Obama, GOP fight over student loans as young people struggle

6:50 PM, Jun 21, 2012   |    comments
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Obama speaks on his latest appeal to Congress Thursday, June 21 to extend the current low interest rate on student loans.

 


 


(CBS News) The clock is ticking down to the day when new student loan interest rates are expected to double, and President Obama made his latest appeal to Congress today to extend the current low rate.

If Congress doesn't act by July 1, the interest rate on new subsidized Federal Direct Stafford Loans for undergraduate students will double from 3.4 percent to 6.8 percent. Both Democrats and Republicans (with some exceptions) have agreed they should extend the low rates, but they've been arguing for months over how to pay for the $6 billion extension.

"Congress has had the time to fix this for months," President Obama chided today from the White House, addressing a group of students. "We can't control every economic headwind we face, but this is something we can control... There's 10 days for Congress to do the right thing. They haven't done it yet, and we've got to keep the pressure on."

Republicans emphatically point out that the GOP-led House already passed a version of the bill and have reached out to the White House with more ideas on how to pay for the measure. Senate Republican Leader Mitch McConnell suggested the president and Democrats were only objecting to their proposals so they can demonize Republicans to voters.

"The only reason this issue isn't already resolved -- the only reason -- is that the President wants to keep it alive," McConnell said on the Senate floor today. "He thinks it benefits him politically for college students to believe we're the problem."

Regardless of who's at fault, it is definitely clear that young people are strapped with student loan debt like never before and that it is taking a striking toll on their lives and the national economy. Student loan debt last year hit $1 trillion, surpassing even credit card and auto-loan debt.

"The lines of job-seekers are long, states are reducing their higher education budgets, and household budgets are straining," writes Rohit Chopra of the Consumer Financial Protection Bureau. "Young consumers are shouldering much of the punishment in the form of substantial student loan bills for doing exactly what they were told would be the key to a better life. Large levels of debt might also pose immediate problems for the rest of us."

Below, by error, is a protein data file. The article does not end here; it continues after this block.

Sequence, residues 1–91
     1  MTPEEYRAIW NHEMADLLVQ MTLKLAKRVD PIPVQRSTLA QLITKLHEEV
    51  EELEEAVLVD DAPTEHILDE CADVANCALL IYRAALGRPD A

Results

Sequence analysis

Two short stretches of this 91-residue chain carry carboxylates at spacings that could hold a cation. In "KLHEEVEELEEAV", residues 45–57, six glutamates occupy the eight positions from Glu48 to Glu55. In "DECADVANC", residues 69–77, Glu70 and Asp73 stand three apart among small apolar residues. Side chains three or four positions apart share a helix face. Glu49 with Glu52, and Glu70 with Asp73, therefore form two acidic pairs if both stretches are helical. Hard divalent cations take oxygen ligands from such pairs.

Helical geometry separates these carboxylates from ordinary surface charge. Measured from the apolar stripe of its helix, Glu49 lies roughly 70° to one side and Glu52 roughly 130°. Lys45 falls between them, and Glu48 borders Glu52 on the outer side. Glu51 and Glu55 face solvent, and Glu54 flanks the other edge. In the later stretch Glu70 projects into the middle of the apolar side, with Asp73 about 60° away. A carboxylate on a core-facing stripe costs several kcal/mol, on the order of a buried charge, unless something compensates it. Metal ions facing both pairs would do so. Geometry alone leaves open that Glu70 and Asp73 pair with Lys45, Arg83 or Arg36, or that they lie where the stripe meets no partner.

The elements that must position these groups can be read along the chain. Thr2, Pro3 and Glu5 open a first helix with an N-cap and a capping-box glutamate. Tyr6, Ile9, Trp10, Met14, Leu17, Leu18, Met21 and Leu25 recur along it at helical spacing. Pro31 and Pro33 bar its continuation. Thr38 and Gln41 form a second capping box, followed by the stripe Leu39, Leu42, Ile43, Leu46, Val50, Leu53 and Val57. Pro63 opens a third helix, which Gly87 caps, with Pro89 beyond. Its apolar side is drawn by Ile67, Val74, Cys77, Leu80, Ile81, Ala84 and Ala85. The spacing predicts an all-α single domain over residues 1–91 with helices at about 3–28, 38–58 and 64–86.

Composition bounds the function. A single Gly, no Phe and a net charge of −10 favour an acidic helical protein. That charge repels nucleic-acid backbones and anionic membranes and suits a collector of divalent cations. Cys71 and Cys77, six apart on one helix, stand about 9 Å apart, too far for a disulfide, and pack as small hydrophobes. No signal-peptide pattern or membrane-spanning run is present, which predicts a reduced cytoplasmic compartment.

A new report from the Census Bureau sheds light on the how student loan debt may be taking a toll. The number of "shared households" -- a measure of Americans living with roommates or relatives (aside from spouses or cohabiting partners) -- increased by 2.25 million between 2007 and 2010, according to the report. This spike can be largely attributed to 1.2 million adult children moving back in with their parents. Two-thirds of those adult children were between the ages of 25 and 34.

The Census cannot from its data explain the reason for this spike. However, the report notes that if poverty status were determined by personal income, 45.3 percent of young adults aged 25 to 34 living with their parents would have been in poverty in 2010. The official poverty rate for that demographic was 8.4 percent, since official poverty is based on family income.

Republicans are pointing to those dismal stats to explain the political gridlock over what should be a simple issue. "College graduates are struggling to find work and pay their bills in the Obama economy," McConnell said today. "He'd like them to believe it's someone else's fault."

Mr. Obama said today that it wouldn't make any sense for him to talk about student loans if he wanted to distract from his economic record.

"This is all about the economy, whether we are going to have the best-trained, the best-educated workforce in the world," he said. "Higher education... is an economic necessity for every family."

McConnell noted that Republican congressional leaders sent a series of proposals to the White House a few weeks ago on possible ways to pay for the extension, which included upping the contributions federal employees would pay toward retirement. Vice President Joe Biden said the White House was open to GOP proposals, but that "we're not going to trade off student loans for other vital, vital programs."

While the House passed a student loan interest rate extension bill, most Democrats opposed it because its $6 billion price tag was paid for by repealing the Prevention and Public Health Fund -- a fund that would provide for hundreds of thousands of screenings for breast and cervical cancer. Democrats in the Senate filibustered that version of the bill, while Senate Republicans blocked the Democratic version. That bill would have required some privately owned companies to pay higher payroll taxes for Social Security and Medicare.

CBS News

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